The killing of peaceful protesters continues unabated in Egypt. Every Friday, thousands of people pour out into the streets to denounce the military coup and demand restoration of the first-ever legally elected President Mohamed Mursi. The regime and its thugs respond with bullets, tear gas and other lethal weapons. The people have not been deterred.
April 25, 2014, 17:39 DST
The military-backed regime knows only one thing: how to shoot and kill peaceful protesters. In what has now become routine killings every Friday, today was no exception. A female protester, Reda Ramadan, was killed by security forces using tear gas and buckshot at a rally in Fayoum just south of the Egyptian capital Cairo.
She was shot in the stomach and died as a consequence.
The second victim was a 52-year-old man who suffocated by inhaling tear gas when the security forces fired repeatedly into protesters, according to the National Alliance for the Defence of Legitimacy, a group that supports the ousted Egyptian president Mohamed Mursi.
Despite arresting more than 16,000 people (according to Associated Press figures), killing thousands of Muslim Brotherhood supporters and sympathizers and putting on trial thousands of others, the military has not been able to crush the movement.
Every Friday, tens of thousands of people pour out of mosques and take to the streets to denounce the military regime and demand restoration of the first-ever legally elected president in Egyptian history, Mohamed Mursi.
The former defence minister, General Abdel Fattah el-Sisi has announced his candidacy to become the country’s president confirming that the July 3, 2013 coup was meant to bring the military back to power. The military had never left; it had only stepped into the shadows while it plotted its moves to return to power with a vengeance.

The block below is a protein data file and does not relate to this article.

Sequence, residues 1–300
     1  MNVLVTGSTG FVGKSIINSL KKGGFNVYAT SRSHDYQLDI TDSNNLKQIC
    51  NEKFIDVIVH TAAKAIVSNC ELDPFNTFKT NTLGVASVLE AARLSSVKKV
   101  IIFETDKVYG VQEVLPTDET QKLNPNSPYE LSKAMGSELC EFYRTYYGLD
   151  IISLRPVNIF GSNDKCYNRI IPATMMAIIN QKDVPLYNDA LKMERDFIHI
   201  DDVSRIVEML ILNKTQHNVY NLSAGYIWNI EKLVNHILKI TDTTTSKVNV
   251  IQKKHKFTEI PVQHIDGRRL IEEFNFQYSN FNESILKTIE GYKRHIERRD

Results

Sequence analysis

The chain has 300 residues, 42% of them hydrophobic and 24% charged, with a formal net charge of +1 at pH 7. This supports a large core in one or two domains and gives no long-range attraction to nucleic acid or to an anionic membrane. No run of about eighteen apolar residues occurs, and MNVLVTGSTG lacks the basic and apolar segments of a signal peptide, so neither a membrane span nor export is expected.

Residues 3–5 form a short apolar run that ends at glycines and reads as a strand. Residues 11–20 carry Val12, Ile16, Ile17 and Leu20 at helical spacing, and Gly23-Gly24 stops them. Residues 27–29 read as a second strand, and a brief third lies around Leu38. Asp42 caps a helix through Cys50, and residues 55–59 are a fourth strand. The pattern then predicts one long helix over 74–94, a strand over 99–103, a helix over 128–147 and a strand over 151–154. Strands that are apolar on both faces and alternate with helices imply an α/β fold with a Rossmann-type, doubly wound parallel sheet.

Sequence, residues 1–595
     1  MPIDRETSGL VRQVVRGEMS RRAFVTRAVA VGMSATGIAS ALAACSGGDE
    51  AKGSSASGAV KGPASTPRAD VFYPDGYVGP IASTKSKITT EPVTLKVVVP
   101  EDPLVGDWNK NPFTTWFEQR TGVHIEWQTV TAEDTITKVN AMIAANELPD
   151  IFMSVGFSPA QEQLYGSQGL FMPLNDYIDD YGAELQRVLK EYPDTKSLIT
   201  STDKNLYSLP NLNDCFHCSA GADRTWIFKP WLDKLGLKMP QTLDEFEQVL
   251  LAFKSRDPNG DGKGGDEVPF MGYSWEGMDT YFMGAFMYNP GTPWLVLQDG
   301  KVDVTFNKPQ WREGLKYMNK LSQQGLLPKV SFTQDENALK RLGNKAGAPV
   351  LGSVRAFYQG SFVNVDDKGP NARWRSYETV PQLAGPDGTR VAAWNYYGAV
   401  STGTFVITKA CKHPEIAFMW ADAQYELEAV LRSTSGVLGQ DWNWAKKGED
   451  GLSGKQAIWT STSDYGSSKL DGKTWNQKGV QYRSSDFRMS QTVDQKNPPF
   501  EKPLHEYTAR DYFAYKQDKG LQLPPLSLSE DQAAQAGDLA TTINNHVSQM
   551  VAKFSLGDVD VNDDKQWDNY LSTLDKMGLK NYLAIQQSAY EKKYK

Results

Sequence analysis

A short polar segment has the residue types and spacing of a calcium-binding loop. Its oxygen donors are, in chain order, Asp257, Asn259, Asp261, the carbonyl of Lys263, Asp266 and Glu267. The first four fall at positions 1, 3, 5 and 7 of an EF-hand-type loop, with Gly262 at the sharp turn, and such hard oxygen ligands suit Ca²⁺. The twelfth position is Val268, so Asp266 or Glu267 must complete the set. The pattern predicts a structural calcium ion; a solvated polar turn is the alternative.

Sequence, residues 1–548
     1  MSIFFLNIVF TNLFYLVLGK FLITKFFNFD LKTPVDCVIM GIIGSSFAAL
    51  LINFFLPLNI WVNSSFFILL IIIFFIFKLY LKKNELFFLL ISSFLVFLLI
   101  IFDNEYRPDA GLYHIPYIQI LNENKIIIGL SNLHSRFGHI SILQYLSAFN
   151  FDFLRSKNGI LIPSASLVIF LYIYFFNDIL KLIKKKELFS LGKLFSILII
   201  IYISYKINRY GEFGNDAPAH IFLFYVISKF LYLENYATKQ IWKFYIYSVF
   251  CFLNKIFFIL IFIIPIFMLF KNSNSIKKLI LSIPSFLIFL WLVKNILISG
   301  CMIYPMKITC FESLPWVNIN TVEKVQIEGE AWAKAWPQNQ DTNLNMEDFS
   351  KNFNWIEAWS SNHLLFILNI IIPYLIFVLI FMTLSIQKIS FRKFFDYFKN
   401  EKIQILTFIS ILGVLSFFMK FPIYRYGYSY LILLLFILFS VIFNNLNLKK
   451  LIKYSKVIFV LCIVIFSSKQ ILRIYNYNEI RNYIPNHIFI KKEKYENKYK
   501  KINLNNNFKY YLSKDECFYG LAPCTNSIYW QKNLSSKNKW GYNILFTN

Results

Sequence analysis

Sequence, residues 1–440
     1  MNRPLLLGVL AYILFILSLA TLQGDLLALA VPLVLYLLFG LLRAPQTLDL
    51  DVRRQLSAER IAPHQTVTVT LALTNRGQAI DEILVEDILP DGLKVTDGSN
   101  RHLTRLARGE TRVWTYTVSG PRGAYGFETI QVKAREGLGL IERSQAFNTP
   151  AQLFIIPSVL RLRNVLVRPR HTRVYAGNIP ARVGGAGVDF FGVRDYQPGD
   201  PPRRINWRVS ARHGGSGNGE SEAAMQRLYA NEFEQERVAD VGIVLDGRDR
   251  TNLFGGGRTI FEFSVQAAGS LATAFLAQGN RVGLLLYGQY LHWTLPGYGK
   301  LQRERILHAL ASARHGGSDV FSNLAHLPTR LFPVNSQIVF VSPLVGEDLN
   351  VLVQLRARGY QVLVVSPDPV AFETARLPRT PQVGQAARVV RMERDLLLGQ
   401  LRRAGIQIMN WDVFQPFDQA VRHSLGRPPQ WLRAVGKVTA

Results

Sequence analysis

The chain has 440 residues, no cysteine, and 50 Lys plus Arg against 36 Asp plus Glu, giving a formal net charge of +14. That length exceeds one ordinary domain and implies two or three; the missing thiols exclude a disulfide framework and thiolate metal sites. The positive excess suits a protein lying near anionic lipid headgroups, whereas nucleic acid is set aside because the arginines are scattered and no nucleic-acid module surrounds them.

The military-backed regime, made up of the same thugs that had ruled Egypt during the regime of the ousted dictator Hosni Mubarak, is back at the helm. In fact, despite Mursi’s election, little had changed in Egypt.
The military allowed him to become the president but the quick manner in which it moved against him surprised even seasoned observers. Given the fact that Mursi’s hands were tied and his government would have failed anyway, the military got very impatient perhaps because it had got so used to ruling that it could not wait outside the corridors of power even for a few months.
Since the military coup, protests have continued despite draconian measures that make even peaceful protests illegal. This has not prevented the people as well as students from holding protests. The regime has also sent its thugs into university campuses, including Al-Azhar University in a bid to crush all protests. It seems, the regime is not getting its way with the students.
Egypt has entered the dark age of the pharaohs with el-Sisi playing the role of Ramses.